Using SpecFlow 3.0 with Rider

A while ago, I wrote about using SpecFlow with JetBrains IDE Rider. Recently, SpecFlow updated their version to 3.0 and it brings some different behaviour with it. After using it for a while, I really like the new flow.

The first change is that I need to install three packages, instead of two. SpecFlow and a unit testing framework (MSTest, NUnit or xUnit) still need to be installed. Additionally, SpecFlow.Tools.MsBuild.Generation needs to be installed as well.

The biggest benefit of the SpecFlow.Tools.MsBuild.Generation nuget is that I don’t need to set up a file writer anymore. I do need to update the .csproj file to include some configuration. The whole process is nicely documented on the SpecFlow site, but I’ll give the basics here.

First, right click on the test project and choose Edit > Edit MyProject.csproj option. Then just paste in the next bit of XML:

<Target Name="AfterUpdateFeatureFilesInProject">
    <!-- include any generated SpecFlow files in the compilation of the project if not included yet -->
        <Compile Include="**\*.feature.cs" Exclude="@(Compile)" />

The old SpecFlow version can add configuration tags in the .csproj file: <Generator>SpecFlowSingleFileGenerator</Generator>. They can easily be replaced by doing a search and replace (ctrl+h in rider) and using this regex to find all of them: \n[ ]+SpecFlowSingleFileGenerator.

Save the .csproj file and just build the project. The .feature.cs files will be generated next to the .feature files. You can include them in the project, but the build server will update the generated files when it builds the project anyway. So you don’t need to include the .feature.cs files in the project anymore if you don’t want to.

Happy coding and keep those tests green!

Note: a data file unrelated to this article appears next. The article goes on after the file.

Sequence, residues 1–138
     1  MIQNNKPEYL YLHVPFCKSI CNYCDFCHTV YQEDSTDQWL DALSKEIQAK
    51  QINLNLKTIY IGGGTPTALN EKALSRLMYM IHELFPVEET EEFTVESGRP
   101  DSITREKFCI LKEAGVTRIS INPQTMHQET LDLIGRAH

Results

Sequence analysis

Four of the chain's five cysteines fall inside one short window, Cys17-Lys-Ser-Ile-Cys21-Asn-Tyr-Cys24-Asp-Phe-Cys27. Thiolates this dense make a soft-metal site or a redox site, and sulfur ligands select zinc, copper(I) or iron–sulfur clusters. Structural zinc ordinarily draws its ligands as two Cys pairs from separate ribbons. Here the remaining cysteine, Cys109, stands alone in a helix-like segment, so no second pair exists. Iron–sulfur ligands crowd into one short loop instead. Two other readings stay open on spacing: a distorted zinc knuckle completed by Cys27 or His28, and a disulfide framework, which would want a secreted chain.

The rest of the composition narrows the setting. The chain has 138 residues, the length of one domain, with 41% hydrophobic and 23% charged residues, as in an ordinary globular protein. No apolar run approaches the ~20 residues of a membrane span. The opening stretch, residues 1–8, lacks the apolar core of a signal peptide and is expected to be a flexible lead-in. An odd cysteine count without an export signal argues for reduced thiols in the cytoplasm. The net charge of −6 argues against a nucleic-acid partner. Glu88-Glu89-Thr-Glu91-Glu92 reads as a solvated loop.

Update: I got some feedback that it isn’t intuitive to find the Given/When/Then declarations for the .feature.cs file. All I need to do is run the tests. The method definitions appear in the test output window. If I add a new line, I just rerun the test. The test will be marked incomplete with the new method signature in the test output window. All that’s left to do is to copy and paste the signatures into the right file and flesh out the new method. Oh, and don’t forget to add Binding and Scope attribute on the class. I’ve forgotten that more times than I dare to admit.


Correctly unsubscribe in Angular

At work, a number of angular web pages were sending an increasing number of requests to the back-end. Apparently, if I reuse components that don’t properly dispose of their observable subscriptions, they keep sending and processing multiple requests.

Continue reading “Correctly unsubscribe in Angular”

I finally succumbed to the hype

My very first post on my very first blog. I’m kind of exited to share my views with the world and equally terrified that it’ll be complete gibberish. But only time will tell.

At the same time as this blog, I will be starting a side project (in my already busy life) to build a website to enter my fuel usage. But I want to experiment with a few things such as cloud (Azure and storage tables in specific), claim based auth, building an authenticated api, decoupled front end and back end, a javascript front-end framework (not sure which one yet) and maybe some things that will pop up while I build this site.

This blog will serve as a sort of journal where I describe how I set it up and how I build it. So you can expect my blog to be about this web site which I’ll start building one of these weeks. Yes, I said weeks. I told you my life is busy.